Lawyers for NYPD Officer Daniel Pantaleo have asked a state supreme court judge to delay his disciplinary trial in the chokehold death of Eric Garner, arguing that the Civilian Complaint Review Board — the city’s police watchdog agency — lacks the jurisdiction to act as the prosecutors in the trial.
The CCRB investigates complaints made by the public and prosecutes the most serious allegations. Pantaleo's lawyer, Stuart London, challenged the validity of the complaint in the Garner case. He argued that the woman who called the CCRB the day after Garner died didn't really witness what happened. London called her story inconsistent and also questioned whether she was a woman or not.
“She made one phone call. That’s it. And the tape is really bizarre. It’s a dude. It’s a guy, I mean, 100 percent,” London said outside the courthouse following Tuesday’s hearing. As he spoke, a few protesters shouted to try and drown him out.
State Supreme Court Judge Joan Madden will hear arguments from both sides on May 9th.
The disciplinary trial is scheduled to begin four days later, on May 13th. Pantaleo faces no criminal charges. A Staten Island grand jury declined to indict the officer in 2014.
Gwen Carr, Garner’s mother, attended the hearing with her daughter. Joining other police reform advocates outside the courthouse, Carr accused Pantaleo of pulling a last-minute stunt to get the trial dismissed.
“I am just appalled,” Carr said. “We as Americans, we as New Yorkers have to stand together and say this is not right.”
Fred Davie, chairman of the Civilian Complaint Review Board, issued a statement that also said Pantaleo was making a baseless claim to delay prosecution.
“With closure for the Garner family hanging in the balance, the trial for Officer Pantaleo must proceed as scheduled and not be further delayed by these meritless maneuvers,” Davie said.
Advocates pointed out that justice, in the form of the disciplinary trial, has been slow to come following the day in July 2014 that Garner died at the hands of police while under arrest for allegedly selling loose cigarettes. Pantaleo is accused of putting Garner in a chokehold, a banned procedure.
After Garner’s death, the NYPD said it would wait to bring misconduct charges against Pantaleo until the U.S. Department of Justice concluded their investigation into the case. But last year the police department, with the federal probe ongoing, allowed for disciplinary proceedings against Pantaleo to move forward, citing “an extraordinary passage of time since the incident.”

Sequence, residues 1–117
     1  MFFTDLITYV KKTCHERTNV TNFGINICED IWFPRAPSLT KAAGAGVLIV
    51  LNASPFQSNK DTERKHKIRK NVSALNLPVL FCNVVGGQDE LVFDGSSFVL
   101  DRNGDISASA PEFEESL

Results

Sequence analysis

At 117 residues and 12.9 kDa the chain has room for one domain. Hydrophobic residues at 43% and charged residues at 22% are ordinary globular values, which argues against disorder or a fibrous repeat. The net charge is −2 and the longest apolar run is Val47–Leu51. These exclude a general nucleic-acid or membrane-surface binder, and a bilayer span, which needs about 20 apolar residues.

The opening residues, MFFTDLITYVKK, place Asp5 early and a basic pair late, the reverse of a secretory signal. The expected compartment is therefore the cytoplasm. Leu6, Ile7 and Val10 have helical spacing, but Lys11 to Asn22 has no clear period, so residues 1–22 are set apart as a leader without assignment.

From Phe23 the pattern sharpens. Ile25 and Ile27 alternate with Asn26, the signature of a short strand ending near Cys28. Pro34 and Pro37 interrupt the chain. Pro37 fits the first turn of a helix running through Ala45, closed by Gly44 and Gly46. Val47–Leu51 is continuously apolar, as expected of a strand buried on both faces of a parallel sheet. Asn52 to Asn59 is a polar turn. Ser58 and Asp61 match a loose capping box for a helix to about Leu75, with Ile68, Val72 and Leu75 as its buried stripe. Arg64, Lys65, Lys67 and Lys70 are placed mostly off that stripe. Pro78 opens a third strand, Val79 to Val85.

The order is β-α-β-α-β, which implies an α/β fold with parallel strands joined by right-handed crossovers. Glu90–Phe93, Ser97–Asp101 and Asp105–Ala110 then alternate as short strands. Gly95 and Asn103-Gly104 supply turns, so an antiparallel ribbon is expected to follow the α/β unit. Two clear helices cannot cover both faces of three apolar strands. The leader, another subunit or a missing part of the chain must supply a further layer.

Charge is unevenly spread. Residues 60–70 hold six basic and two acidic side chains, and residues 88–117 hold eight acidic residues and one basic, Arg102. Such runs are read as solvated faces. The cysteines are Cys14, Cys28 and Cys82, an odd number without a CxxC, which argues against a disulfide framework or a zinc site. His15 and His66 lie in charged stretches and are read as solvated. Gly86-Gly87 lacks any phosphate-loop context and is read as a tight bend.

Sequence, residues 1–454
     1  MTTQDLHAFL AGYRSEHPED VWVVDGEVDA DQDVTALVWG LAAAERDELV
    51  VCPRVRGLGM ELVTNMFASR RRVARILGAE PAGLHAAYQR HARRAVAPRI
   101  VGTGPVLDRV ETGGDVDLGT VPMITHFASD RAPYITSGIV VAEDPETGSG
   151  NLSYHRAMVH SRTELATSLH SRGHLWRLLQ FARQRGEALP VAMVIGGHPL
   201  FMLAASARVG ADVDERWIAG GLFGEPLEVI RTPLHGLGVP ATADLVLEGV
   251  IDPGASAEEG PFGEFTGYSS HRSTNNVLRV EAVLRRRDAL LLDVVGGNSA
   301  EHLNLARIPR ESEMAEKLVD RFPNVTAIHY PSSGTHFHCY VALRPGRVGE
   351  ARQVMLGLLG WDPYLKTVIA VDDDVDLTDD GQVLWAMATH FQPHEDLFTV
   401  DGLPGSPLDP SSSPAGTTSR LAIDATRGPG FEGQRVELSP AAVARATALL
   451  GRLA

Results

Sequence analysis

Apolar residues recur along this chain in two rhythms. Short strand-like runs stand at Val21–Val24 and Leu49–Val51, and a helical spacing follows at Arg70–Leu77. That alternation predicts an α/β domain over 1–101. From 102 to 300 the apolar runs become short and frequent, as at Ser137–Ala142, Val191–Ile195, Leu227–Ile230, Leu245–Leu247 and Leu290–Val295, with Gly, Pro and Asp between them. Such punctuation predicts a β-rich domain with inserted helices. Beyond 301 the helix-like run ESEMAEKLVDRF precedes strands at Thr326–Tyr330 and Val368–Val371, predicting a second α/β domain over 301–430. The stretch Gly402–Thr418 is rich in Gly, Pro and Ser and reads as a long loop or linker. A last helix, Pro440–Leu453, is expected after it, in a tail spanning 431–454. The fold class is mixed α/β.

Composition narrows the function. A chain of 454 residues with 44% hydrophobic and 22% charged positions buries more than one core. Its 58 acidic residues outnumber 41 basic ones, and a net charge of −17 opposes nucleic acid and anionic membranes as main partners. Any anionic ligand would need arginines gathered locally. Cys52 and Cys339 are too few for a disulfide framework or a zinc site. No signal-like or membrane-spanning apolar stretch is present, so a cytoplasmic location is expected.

The Civilian Complaint Review Board, under a memorandum of understanding with the police department, will prosecute Pantaleo’s case.
A few weeks ago, Pantaleo sought to have the disciplinary trial dismissed. He brought the claim to an administrative judge at the NYPD, citing a determination by the NYPD’s chief surgeon that Pantaleo did not, in fact, use a chokehold on Garner. The administrative judge denied the request to dismiss the case.
In 2014, the NYC Medical Examiner’s office concluded that Garner’s death was a homicide caused by “compression of neck (choke hold), compression of chest and prone positioning during physical restraint by police.”
Loyda Colon, a co-director of the organization Justice Committee, said on Tuesday that Pantaleo’s attempt to have a state court judge dismiss the trial — this time questioning the CCRB’s authority to prosecute — was a stall tactic.
“It's infuriating that we have to be here today,” Colon said. “It's almost five years since Eric Garner was choked to death by Daniel Pantaleo, while other officers just stood around and did absolutely nothing to help Eric while he screamed ‘I can't breathe’ 11 times.”
One other officer, Sergeant Kizzy Adonis, the supervising officer on the scene after Garner was arrested, was stripped of her gun and badge and put on desk duty in January 2016 but has since been reinstated.
If Pantaleo’s disciplinary trial moves forward, he could ultimately lose his job. He is now on desk duty, earning an annual salary of nearly $120,000.
Yasmeen Khan is a reporter covering crime and policing at WNYC. You can follow her on Twitter @yasmeenkhan.
Cindy Rodriguez is the urban policy reporter for New York Public Radio. You can follow her on Twitter at @cynrod.